I do a lot of motorway driving – a lot. And one thought that often occupies my mind on those long journeys is how driving, motorway driving in particular, is a communal activity that relies on the full cooperation of everyone involved.
It amazes me that motorways function at all; thousands of cars each weighing well over a ton, hurtling along at 70-plus miles per hour, three abreast on a road that’s barely 20 metres wide. It requires every driver to implicitly trust every other driver; everyone has to follow the rules (the written ones and the unwritten ones) and everyone has to remain alert and fully in control. The consequences of just one driver failing to cooperate can be disastrous.
That’s why we take steps to ensure that everyone on the motorway is fully equipped for the task. We train them, we make them take a test, we test their eyes and their health, and we make sure that their sober. I’ll say that last one again. We make sure that they’re sober.
There’s another place where I frequently find myself, where the same conditions apply, although maybe less obviously so.
I fly a lot. I fly long-haul to visit our destinations and I fly short-haul for business meetings and conferences, and on every one of those flights I am also relying on the full cooperation and collaboration of every other passenger onboard.
Flying only works because everyone follows the rules and cooperates. We sit in our allocated place, we put our seat belts on and stay in our seats when we’re told to. We follow the safety advice and if we’re sat by the emergency exits we know that we have additional responsibility (even as passengers) to operate the doors if needed.
We follow the unwritten rules too. We’re civil and well behaved and we respect the instructions of the crew. It’s so well drilled into us that we adopt these behaviours without even thinking about the consequences of anyone doing otherwise. A bit like motorway driving.
But then we do a very weird thing – we allow (encourage?) people to drink alcohol before they board a plane, sometimes with exceptionally dangerous consequences. Just this week we’ve seen a passenger sent to jail for threatening to open an emergency door mid-flight.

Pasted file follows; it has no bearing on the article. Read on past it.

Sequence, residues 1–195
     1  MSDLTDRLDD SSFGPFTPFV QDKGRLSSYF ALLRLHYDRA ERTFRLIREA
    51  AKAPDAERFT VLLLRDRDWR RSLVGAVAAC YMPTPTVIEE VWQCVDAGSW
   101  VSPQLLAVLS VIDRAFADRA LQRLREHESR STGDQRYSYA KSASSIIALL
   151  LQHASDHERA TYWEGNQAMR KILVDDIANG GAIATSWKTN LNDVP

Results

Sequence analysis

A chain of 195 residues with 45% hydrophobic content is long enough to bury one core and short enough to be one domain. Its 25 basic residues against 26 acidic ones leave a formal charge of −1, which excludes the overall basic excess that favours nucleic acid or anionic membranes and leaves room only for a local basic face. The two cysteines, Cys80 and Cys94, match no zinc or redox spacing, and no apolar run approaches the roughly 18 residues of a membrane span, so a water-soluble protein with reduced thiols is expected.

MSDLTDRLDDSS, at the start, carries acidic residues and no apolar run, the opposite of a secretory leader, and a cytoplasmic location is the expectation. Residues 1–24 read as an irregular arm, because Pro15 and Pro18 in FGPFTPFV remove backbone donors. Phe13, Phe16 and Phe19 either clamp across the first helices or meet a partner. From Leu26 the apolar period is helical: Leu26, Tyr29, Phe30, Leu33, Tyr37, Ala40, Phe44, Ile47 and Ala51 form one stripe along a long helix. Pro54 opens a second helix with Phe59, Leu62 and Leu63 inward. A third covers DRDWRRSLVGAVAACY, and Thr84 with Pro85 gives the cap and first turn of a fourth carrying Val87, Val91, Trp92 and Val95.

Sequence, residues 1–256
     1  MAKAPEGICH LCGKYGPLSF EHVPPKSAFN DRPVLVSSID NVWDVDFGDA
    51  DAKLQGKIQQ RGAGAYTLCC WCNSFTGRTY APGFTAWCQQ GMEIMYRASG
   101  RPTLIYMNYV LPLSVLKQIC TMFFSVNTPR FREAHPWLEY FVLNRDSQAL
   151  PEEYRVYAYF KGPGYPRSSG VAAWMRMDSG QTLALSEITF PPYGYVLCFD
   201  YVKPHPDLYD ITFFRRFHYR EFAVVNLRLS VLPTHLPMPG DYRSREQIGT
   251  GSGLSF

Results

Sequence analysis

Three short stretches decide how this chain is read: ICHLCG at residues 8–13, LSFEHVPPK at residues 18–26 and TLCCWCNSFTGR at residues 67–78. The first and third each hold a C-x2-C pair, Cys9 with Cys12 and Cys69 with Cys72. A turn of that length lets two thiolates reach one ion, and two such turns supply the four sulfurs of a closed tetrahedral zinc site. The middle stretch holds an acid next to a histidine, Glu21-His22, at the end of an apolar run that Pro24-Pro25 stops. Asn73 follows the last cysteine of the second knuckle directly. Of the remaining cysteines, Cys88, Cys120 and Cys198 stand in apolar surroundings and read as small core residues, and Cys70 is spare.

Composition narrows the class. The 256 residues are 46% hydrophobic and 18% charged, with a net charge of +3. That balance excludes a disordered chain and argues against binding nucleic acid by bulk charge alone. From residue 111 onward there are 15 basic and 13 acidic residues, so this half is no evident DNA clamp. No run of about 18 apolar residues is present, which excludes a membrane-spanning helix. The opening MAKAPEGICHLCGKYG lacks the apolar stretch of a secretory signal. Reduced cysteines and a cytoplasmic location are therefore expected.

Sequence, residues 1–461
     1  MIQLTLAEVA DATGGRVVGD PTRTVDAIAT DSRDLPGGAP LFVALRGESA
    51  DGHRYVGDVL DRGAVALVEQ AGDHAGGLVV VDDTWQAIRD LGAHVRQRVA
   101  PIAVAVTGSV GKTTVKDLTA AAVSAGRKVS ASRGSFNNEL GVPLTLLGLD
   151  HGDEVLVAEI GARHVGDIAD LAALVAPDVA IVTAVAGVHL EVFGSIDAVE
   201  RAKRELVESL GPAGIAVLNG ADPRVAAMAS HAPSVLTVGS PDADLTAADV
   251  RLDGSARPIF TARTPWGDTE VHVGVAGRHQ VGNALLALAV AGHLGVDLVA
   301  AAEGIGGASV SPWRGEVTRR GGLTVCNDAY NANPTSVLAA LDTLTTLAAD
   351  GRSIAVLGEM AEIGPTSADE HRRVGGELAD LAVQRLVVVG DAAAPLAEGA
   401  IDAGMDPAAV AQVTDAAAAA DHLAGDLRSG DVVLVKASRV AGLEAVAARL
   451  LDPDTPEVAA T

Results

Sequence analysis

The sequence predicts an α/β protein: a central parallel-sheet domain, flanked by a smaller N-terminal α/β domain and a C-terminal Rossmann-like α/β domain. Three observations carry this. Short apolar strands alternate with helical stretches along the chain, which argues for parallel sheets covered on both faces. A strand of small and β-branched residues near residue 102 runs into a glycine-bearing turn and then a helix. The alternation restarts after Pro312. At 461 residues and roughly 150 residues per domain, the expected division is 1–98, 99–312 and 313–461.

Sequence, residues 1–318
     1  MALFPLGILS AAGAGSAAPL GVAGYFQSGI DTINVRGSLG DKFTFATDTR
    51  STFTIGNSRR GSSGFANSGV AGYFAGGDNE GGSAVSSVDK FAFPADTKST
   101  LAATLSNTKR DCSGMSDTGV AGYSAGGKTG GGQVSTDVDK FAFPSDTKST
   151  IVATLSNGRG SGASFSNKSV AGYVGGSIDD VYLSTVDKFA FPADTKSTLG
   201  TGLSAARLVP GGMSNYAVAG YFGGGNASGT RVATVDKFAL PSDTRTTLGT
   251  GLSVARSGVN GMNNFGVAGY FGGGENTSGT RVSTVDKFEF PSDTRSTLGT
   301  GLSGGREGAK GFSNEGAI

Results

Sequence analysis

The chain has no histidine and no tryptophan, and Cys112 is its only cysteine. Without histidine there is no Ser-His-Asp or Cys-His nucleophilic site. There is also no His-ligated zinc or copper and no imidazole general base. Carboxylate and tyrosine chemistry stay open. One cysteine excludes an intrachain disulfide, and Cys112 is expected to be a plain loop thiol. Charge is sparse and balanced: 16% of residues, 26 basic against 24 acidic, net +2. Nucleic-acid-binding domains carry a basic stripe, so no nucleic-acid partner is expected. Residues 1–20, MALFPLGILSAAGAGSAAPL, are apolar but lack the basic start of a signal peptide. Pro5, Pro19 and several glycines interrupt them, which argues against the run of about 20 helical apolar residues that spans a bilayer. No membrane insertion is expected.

Even though she denied it, the court was told by the airline, Jet2 and by the police, that her behaviour was due to excessive drinking.
When discipline breaks down on a motorway, when a drunk driver swerves out of a lane or falls asleep at the wheel, there’s a good chance they’re going to kill themselves and often sadly, they’re going to kill or seriously injure others too.
But on a plane, on a plane full of hundreds of people, the consequences can be truly catastrophic. And if you think it can’t happen, think again. There have been thousands of air-rage incidents over the last 50 years – and it’s often only been thanks to the quick reactions of cabin crew and fellow passengers that disaster has been averted.
It’s reassuring to know, as I drive to an airport, that the person in the car next to me is almost certainly sober but when I board the plane there’s a good chance that the person next to the emergency exit door has already had a few drinks at the airport, and can readily have a few more during the flight too.
Earlier last year, when the government was tightening up the duty free rules, I wrote this: “I know that some colleagues in the industry will disagree with me. They will say (rightly) that the vast majority of travellers are sensible and shouldn’t be punished, but being drunk and disruptive on a plane should be as socially unacceptable as being drunk at the wheel of a car. I’m not afraid of flying, but I am afraid that one day a drunk passenger might bring down a plane. We should act now, before it’s too late.”
A few months later that warning has very nearly come true. It’s time to act.